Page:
The History of Hawai‘i From Our Files: James Michener’s “Hawaiʻi” Hits the Big Screen
HONOLULU Magazine emerged from predecessor Paradise of the Pacific, which began in 1888, fulfilling a commission by King Kalākaua. That makes this the oldest continuously published magazine west of the Mississippi with an enviable archive worth diving into each month. Here’s a look back at October 1966.
Kūhiō Theatre hosts a Hollywood-style premiere for the film adapted from a book that the author and movie producer believed “has been read by more people than any other work of fiction ever created. They estimate, without offering any particular documentation, that the book’s audience to date has been in the neighborhood of 100 million.” Egos aside, the buzz around James Michener’s Hawaiʻi began as soon as the film rights were bought for an unprecedented $600,000. And this was before the story was published.
The film’s release on Oct. 10, 1966, launched a series of promotional ties across the nation and here at home, HONOLULU tells us.
“The campaign will very possibly produce alltime highs in advance sales. It also produced a scramble among ‘prestige’ sponsors for the opening nights and even for later theater benefits. In New York Mrs. Anne McDonnell Ford (the former Mrs. Henry Ford II) is chairman for the World Premiere benefit, which is expected to make $110,000 for the Will Rogers Memorial Hospital at Saranac Lake. A Hoolaulea Ball will follow at the Americana Hotel.
“The fashion collection will not focus particularly on beach or tropical wear but on ‘regular clothes that are Hawaii-inspired and adapted.’ Said the Coordinator: “We’re not out to help sell muumuus.”
In another tie-in promotion, “Bantam Books will publish a new unabridged edition of HAWAll completely reset ‘in large type for easy reading,’ with a 16-page insert of fourcolor pictures from the movie. Bantam is also re-issuing special editions of seven other Michener novels.
“And United Airlines is getting off the ground with a blast of promotion for one and two-week See James Michener’s Hawaii Tours, originating with travel agencies all over the country. In support of a ‘Read the Book, See the Movie, Take the Tour’ theme, the ‘affinity groups’ who sign up will be encouraged to sponsor a theatre party before starting off.”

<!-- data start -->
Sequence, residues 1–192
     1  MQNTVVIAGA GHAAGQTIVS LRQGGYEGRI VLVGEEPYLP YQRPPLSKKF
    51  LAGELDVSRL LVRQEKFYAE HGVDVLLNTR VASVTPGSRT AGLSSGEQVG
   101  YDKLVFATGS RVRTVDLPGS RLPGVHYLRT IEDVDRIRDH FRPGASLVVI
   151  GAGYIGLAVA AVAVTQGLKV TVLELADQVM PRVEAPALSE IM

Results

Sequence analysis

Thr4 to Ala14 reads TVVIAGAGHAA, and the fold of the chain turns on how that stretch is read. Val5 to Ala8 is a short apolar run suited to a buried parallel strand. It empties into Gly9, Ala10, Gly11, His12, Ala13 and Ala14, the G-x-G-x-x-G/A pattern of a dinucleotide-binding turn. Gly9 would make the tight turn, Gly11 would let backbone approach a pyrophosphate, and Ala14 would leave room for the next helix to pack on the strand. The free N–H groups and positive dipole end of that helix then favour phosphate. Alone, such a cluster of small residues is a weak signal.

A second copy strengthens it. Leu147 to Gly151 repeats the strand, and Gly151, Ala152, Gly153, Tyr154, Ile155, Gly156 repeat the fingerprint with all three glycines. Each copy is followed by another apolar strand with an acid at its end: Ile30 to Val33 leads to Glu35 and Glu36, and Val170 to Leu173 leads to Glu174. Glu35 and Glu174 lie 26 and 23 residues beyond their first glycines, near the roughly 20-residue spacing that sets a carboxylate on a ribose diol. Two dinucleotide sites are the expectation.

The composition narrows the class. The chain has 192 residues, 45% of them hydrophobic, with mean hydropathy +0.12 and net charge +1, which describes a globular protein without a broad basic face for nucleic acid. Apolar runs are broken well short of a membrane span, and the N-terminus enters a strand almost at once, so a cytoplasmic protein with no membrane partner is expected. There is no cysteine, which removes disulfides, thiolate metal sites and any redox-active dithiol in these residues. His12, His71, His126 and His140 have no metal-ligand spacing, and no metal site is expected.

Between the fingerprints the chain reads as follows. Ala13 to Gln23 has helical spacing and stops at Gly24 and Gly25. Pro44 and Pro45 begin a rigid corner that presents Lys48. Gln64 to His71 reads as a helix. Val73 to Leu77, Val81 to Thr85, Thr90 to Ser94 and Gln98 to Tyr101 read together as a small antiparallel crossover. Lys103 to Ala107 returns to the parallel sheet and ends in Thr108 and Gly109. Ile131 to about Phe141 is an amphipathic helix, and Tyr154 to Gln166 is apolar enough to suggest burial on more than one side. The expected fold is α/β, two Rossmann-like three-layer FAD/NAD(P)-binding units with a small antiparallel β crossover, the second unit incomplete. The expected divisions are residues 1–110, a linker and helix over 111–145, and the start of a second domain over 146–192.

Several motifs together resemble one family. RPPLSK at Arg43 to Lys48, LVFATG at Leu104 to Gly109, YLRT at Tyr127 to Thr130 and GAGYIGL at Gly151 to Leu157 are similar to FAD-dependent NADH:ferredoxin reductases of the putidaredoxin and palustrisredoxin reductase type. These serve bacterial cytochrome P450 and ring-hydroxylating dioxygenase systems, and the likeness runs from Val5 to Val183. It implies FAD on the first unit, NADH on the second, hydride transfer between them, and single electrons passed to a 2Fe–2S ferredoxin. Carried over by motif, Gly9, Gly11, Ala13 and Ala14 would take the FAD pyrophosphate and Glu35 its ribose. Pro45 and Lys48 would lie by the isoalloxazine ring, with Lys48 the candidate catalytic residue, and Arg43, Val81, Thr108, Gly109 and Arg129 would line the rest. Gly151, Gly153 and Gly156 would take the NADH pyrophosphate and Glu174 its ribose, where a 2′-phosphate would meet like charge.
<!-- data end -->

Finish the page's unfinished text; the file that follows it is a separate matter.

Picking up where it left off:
In Hawaiʻi, according to the itinerary for the two-week deluxe tour, one feature will be a “missionary lunch” at the Pioneer Inn in Lahaina. During sightseeing, “segments of the movie soundtrack will be replayed on the sites where the actual (sic) events took place.”
Another scheduled event: Lunch as “guests in [local entertainer] Ray Kinney’s home … You will eat with the family and the women probably will want to help clear the table or help with the dishes.”
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Despite mixed reviews—The New York Times said “‘Hawaii’ is as big and familiar as Diamond Head, and ultimately almost as heavy.”—Hawaiʻi earned $15.6 million, making it one of the highest-grossing movies of 1966. The decision to focus on the missionary relationships hasn’t aged particularly well. Neither has Michener’s book, which still made our list of 50 Essential Hawaiʻi Books, albeit begrudgingly in the case of some of our panel members.
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